Gergely Gulyas – Photo: MTI

Gulyas: Fourth wave to hit Hungary

The fourth wave of Covid-19 has started in Western Europe and will arrive in Hungary, too, Gergely Gulyas, the head of the Prime Minister's Office, told a press conference on Saturday.

He added, however, that this wave will be different from the previous three due to the high number of people with immunity and thus it will require a “different management”. He warned, however, that those not yet inoculated “are very likely to get ill”, while only 0.2 percent of the vaccinated are likely to get sick “and with much lighter symptoms”. He also added that all vaccine types were similarly efficient.

The government is not planning on another lockdown, he said, adding that “restrictions will not be needed in education or at work either”.

Gulyas warned that people above 65 were risking their life if they rejected the shot, and said that the government would personally contact all unvaccinated elderly to encourage them to get inoculated. Hungary has nearly 8 million doses of the vaccine to provide booster shots, and “anyone volunteering will get the third shot at any inoculation point”, he added. So far, 185,000 booster shots have been administered, while “the normal routine has been reintroduced in health care”, Gulyas said.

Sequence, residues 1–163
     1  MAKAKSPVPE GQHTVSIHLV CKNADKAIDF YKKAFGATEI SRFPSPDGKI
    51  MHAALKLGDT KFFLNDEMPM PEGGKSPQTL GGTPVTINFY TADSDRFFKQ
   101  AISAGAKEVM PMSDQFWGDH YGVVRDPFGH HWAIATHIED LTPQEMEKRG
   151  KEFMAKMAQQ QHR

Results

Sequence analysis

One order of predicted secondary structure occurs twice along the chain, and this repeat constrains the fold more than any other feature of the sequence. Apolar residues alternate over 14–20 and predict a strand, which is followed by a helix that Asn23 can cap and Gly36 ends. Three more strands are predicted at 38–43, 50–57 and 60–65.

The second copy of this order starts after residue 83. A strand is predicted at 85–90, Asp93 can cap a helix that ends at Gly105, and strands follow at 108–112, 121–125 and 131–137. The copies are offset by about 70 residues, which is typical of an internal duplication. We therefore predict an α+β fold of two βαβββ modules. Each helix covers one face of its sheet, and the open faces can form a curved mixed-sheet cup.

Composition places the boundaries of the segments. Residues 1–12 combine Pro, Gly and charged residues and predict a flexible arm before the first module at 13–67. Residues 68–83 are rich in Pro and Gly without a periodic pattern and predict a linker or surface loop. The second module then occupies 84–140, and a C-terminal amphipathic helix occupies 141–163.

With 5.7 million Hungarians who have received at least the first shot, including 5.5 million fully inoculated, the country an await the fourth wave “in relative calm”.

On another subject, Gulyas said that Hungary’s 17.9 percent GDP growth in the last quarter was the third highest in Europe, and Hungary, after Sweden, Poland, and Romania, was the fourth country where the economy had reached its pre-pandemic levels. The latest figure suggests that the government’s pledge of tax refunds to families if the GDP reaches 5.5 percent “could come true”, he said.

Gulyas also announced a “higher than ever” pension premium, under which a retiree with a pension of 80,000 forints a month would get a premium of 20,000 forints if the growth is 4.5 percent or even 60,000 forints if the economic growth reaches 6.5 percent, adding that the growth figure was expected above 6 percent.

Concerning speculations on Hungary’s EU membership as reported in the press, Gulyas said “there is no point” in listening to those voices since “unfounded rumours of exit plans have been spread about many countries”. Being an EU member continues to provide benefits to Hungary, he added.

However, Gulyas called the EU’s sanctions against Russia “futile” and “especially harmful for the Hungarian economy’. He said that the Hungarian government supported Ukraine’s territorial integrity, adding that it was in Hungary’s interest that “there should not be another cold war”.

Gulyas welcomed the success of the August 20 celebrations, and insisted that the revenues of hotels and catering facilities had far outreached the cost of the festivities. He declined to comment on critical remarks concerning certain components of the programmes, but called it “amusing” that “gay pride participants call state celebrations kitsch”.


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